Ashraf Fouda, MD

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Management of Umbilical Cord Prolapse

August 10th 2011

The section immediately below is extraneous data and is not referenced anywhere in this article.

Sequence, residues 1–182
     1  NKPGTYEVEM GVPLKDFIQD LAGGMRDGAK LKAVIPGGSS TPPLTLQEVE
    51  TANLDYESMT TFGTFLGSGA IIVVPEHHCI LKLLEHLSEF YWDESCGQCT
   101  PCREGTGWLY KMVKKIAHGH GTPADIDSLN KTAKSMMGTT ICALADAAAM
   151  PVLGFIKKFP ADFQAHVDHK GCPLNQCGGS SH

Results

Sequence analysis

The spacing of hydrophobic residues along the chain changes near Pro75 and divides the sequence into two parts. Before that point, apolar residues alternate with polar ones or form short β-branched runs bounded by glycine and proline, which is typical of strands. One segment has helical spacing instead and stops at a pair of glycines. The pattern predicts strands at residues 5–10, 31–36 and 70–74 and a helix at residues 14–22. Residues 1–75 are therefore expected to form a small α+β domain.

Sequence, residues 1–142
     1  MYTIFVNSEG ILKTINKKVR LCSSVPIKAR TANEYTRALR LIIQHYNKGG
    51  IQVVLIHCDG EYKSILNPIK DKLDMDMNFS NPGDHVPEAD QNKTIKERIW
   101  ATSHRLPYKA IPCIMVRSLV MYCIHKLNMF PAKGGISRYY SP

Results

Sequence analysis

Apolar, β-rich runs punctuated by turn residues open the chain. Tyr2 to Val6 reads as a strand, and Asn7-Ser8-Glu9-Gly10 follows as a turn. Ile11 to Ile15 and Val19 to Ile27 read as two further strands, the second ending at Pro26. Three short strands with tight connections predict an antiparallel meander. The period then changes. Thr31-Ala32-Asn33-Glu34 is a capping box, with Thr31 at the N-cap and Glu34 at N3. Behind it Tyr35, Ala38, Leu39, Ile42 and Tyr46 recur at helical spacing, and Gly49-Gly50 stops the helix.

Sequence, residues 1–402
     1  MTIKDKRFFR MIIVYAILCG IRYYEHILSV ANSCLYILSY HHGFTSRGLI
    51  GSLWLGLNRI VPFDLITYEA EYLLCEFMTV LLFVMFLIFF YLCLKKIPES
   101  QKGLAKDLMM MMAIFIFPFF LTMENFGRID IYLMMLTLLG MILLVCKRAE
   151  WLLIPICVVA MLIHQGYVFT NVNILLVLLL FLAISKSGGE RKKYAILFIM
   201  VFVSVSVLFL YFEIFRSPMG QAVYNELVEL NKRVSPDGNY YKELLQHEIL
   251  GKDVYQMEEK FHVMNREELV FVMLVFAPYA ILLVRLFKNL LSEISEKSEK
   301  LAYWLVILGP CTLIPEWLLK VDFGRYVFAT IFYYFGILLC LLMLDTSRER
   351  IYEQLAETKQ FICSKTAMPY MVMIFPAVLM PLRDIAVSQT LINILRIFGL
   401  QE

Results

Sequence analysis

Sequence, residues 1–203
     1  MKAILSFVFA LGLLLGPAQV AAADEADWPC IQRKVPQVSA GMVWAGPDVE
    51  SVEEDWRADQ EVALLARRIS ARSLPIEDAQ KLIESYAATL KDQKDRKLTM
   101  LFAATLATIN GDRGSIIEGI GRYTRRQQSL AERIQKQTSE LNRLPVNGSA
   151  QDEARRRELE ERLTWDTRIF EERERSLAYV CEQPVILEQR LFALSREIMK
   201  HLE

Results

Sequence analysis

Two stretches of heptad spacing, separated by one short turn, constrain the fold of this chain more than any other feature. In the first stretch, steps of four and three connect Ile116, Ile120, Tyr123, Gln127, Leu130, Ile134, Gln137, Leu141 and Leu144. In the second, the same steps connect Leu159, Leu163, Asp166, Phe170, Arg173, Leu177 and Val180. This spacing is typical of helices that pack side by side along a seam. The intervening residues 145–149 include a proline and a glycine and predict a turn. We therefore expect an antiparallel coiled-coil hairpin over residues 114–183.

• Medline and NHS databases • Women’s Hospitals Australasia – Clinical Practice Guidelines - Cord Prolapse – Last Reviewed June 2005 • RCOG - Green-top Guideline - No. 50 - April 2008   Levels of Evidence   Evidence Category and Source   Grading of Recommendations   Recommendation Grade  Definition Cord prolapse has been defined as descent of the umbilical cord through the cervix alongside (occult) or past the presenting part (overt) in the presence of ruptured membranes.   Definition Cord presentation is the presence of one or more loops of umbilical cord between the fetal presenting part and the cervix, without membrane rupture.   Background • The overall incidence of cord prolapse ranges from 0.1% 0.6% • With breech presentation, the incidence is just above 1% • Male fetuses seem to be predisposed. • The incidence is higher in multiple gestations.  Background Cases of cord prolapse appear consistently in perinatal mortality enquiries, and one large study found a perinatal mortality rate of 91 per 1000.  Background • Prematurity and congenital malformation account for the majority of adverse outcomes associated with cord prolapse in hospital settings, but cord prolapse is also associated with birth asphyxia and perinatal death with normally-formed term babies, particularly with home birth. • Delay in transfer to hospital appears to be an important factor with home birth.  Background • Asphyxia may also result in hypoxic-ischaemic encephalopathy and cerebral palsy. • The principal causes of asphyxia in this context are thought to be:

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